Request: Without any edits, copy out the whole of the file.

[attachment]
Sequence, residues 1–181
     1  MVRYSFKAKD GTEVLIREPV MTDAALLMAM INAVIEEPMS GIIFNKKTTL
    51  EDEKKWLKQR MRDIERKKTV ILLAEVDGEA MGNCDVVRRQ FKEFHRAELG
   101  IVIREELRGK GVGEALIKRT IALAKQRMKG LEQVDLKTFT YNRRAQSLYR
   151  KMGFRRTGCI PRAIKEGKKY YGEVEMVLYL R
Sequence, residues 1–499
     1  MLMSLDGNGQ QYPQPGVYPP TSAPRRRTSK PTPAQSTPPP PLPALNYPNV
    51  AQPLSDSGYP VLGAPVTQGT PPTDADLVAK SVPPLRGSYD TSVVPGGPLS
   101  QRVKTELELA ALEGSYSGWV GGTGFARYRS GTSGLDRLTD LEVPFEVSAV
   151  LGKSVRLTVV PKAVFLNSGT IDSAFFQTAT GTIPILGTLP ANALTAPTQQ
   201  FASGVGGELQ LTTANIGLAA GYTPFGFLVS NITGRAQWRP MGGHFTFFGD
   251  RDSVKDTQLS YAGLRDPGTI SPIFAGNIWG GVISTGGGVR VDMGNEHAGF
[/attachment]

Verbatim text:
Sequence, residues 1–181
     1  MVRYSFKAKD GTEVLIREPV MTDAALLMAM INAVIEEPMS GIIFNKKTTL
    51  EDEKKWLKQR MRDIERKKTV ILLAEVDGEA MGNCDVVRRQ FKEFHRAELG
   101  IVIREELRGK GVGEALIKRT IALAKQRMKG LEQVDLKTFT YNRRAQSLYR
   151  KMGFRRTGCI PRAIKEGKKY YGEVEMVLYL R
Sequence, residues 1–499
     1  MLMSLDGNGQ QYPQPGVYPP TSAPRRRTSK PTPAQSTPPP PLPALNYPNV
    51  AQPLSDSGYP VLGAPVTQGT PPTDADLVAK SVPPLRGSYD TSVVPGGPLS
   101  QRVKTELELA ALEGSYSGWV GGTGFARYRS GTSGLDRLTD LEVPFEVSAV
   151  LGKSVRLTVV PKAVFLNSGT IDSAFFQTAT GTIPILGTLP ANALTAPTQQ
   201  FASGVGGELQ LTTANIGLAA GYTPFGFLVS NITGRAQWRP MGGHFTFFGD
   251  RDSVKDTQLS YAGLRDPGTI SPIFAGNIWG GVISTGGGVR VDMGNEHAGF